Italia Spring 2020 Ineffable Miami: Kendall by Ana Ruas

Photo by Ana Ruas (CC by 4.0)


Ana Ruas is a sophomore at Florida International University and its Honors College, currently majoring in both Biological Sciences and English and minoring in Chemistry. Her interests are a dichotomy of sorts, where on one hand she is interested about ovarian cancer research and the advancement of genetic editing via CRISPR, but Ana is also passionate about literature and traveling. Ana will be graduating in Spring 2022 and is currently enrolled in the Italy Study Abroad course with Professor JW Bailly; below is her Ineffable Miami Project.


Map of the Kendall, Florida Area
Map Retrieved from Google Maps 2020

Kendall is an unincorporated community in Miami-Dade County, Florida in the United States, located 10 miles southwest of Downtown Miami. This residential suburb is bordered by the Florida Turnpike and US-1 to the West and East, as well as by SW 72nd Street to the North and SW 152nd Street to the South. Should a survey be conducted of Kendall’s residents, each participant would define the suburb’s boundaries differently due to the lack of clear-cut borders; due to this variability, this is why the aforementioned boundaries will be used to define the area that Kendall encompasses (“Kendall, Florida”).

Unlike other communities in Miami, Kendall is not known for the nightlife / party scene nor cultural diversity; this is mainly a residential community consisting of middle- to upper-middle class families. Driving among its roads, one would observe rows of houses and gated communities across the landscape – not a skyscraper in sight. Local and national chain businesses would also be seen sprinkled across the area, catering to the needs of Kendall’s residents. And despite its quiet and tranquil environment, Kendall is not far from the lively parts of Miami, such as Pinecrest and Downtown Miami, and is home to two profitable commercial centers: Dadeland and the Falls.


Family of Seminole Indians in their Village in Kendall, Florida
John Kunkel Small / Public Domain

Seminole Indians were the first to call modern-day Kendall “home” after they relocated from Georgia in the mid 1700s, where they abandoned their status as Creek Indians and forged a new identity for themselves in South Florida. However, like many other Native American groups, the majority of the Seminoles were forced to leave and migrate north between the 1830s and 1840s in accordance to the Indian Removal Act, which aimed to allow for the settlement and expansion of white communities across the United States (“Second Seminole War”). Despite this grievous act against the indigenous community, historical records revealed that 192 Seminole Indians managed to remain in Dade County, living between two villages in 1900; one village was near the current location of Baptist Hospital and the other was located at the intersection between modern-day SW 107th Avenue and SW 80th Street (Kenward 2009).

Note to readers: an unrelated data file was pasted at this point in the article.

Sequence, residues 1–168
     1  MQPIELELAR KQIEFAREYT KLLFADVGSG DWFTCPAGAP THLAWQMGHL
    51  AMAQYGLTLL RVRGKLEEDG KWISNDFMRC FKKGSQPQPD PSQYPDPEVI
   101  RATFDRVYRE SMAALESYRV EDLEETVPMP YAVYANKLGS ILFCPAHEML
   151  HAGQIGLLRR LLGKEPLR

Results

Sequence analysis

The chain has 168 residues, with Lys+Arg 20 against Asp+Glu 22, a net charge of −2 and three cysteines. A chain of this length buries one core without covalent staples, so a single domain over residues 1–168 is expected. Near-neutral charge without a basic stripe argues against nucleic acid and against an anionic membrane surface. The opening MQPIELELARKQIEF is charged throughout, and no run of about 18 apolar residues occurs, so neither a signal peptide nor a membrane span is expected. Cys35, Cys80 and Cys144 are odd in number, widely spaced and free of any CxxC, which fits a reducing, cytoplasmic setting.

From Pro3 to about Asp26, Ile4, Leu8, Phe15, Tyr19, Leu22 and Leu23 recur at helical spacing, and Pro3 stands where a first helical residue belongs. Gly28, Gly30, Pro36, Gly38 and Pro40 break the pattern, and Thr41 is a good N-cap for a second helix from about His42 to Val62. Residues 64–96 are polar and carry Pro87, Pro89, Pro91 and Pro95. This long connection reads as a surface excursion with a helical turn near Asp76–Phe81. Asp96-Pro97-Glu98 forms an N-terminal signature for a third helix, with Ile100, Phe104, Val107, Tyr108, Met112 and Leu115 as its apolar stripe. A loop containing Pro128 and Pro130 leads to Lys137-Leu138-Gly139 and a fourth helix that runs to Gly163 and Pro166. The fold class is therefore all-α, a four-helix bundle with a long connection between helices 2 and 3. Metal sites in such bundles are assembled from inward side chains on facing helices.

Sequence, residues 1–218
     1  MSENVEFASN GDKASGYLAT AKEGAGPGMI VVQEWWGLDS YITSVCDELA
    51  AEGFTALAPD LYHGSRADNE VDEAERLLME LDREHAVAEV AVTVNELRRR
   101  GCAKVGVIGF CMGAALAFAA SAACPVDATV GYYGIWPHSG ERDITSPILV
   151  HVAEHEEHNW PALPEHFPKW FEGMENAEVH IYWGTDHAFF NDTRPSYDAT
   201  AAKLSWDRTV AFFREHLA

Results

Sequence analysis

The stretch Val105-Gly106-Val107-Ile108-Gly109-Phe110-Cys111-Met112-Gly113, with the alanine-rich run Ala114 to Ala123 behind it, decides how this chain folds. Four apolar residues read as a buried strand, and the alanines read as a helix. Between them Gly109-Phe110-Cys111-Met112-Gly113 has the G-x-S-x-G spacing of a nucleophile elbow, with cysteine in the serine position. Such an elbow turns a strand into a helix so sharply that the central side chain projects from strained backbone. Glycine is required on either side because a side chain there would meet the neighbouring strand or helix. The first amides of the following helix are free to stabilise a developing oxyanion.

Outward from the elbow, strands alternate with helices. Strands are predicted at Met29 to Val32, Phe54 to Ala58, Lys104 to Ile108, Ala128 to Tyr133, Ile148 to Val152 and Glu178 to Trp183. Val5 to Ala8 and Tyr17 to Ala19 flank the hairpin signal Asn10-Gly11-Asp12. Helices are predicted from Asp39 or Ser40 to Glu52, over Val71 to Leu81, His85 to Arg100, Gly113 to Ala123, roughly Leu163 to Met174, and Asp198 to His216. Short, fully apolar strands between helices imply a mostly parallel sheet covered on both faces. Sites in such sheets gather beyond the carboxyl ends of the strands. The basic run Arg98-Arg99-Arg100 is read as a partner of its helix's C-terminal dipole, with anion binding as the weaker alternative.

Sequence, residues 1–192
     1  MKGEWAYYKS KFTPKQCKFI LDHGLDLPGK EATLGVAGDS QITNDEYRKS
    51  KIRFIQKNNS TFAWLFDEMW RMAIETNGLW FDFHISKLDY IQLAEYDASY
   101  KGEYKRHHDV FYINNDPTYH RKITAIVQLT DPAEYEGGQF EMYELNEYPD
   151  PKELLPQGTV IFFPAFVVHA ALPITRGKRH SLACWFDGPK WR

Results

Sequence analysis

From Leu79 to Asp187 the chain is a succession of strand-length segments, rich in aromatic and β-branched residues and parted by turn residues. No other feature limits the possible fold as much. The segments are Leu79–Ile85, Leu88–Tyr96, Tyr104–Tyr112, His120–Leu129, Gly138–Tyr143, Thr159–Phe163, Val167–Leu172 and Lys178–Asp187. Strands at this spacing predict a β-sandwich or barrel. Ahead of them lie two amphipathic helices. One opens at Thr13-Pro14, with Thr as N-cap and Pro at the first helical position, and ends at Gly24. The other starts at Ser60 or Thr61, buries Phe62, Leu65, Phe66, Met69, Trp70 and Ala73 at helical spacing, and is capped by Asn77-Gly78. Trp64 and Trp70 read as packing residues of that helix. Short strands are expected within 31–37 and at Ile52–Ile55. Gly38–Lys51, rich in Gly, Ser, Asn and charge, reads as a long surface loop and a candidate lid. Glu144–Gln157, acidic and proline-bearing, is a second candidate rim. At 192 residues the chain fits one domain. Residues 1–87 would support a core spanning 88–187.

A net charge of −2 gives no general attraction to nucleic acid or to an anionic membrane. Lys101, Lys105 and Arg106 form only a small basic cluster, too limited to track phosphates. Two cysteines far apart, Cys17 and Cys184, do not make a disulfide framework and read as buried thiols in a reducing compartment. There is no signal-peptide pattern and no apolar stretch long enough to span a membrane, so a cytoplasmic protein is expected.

Several years after the forced removal of the Seminole Indians, the Florida Land and Mortgage Company, which owned and regulated much of the available land in the 1800s, appointed Henry John Broughton Kendall as the trustee in charge of managing the company’s property in 1884. With Kendall’s prominent presence in the community for the remainder of his career, the region of land he overlooked was eventually named after him, giving rise to what we know today as “Kendall.” Furthermore, Henry Kendall was not the only Henry to greatly impact this community; Henry Flagler built railroad tracks and its station in the Kendall area in 1903, which made the region accessible to outsiders and expediated the region’s economic development and infrastructure. Unfortunately, this station no longer exists, though it is believed to have been located on the Metrorail line near US-1 and the Palmetto Expressway (Kenward 2009).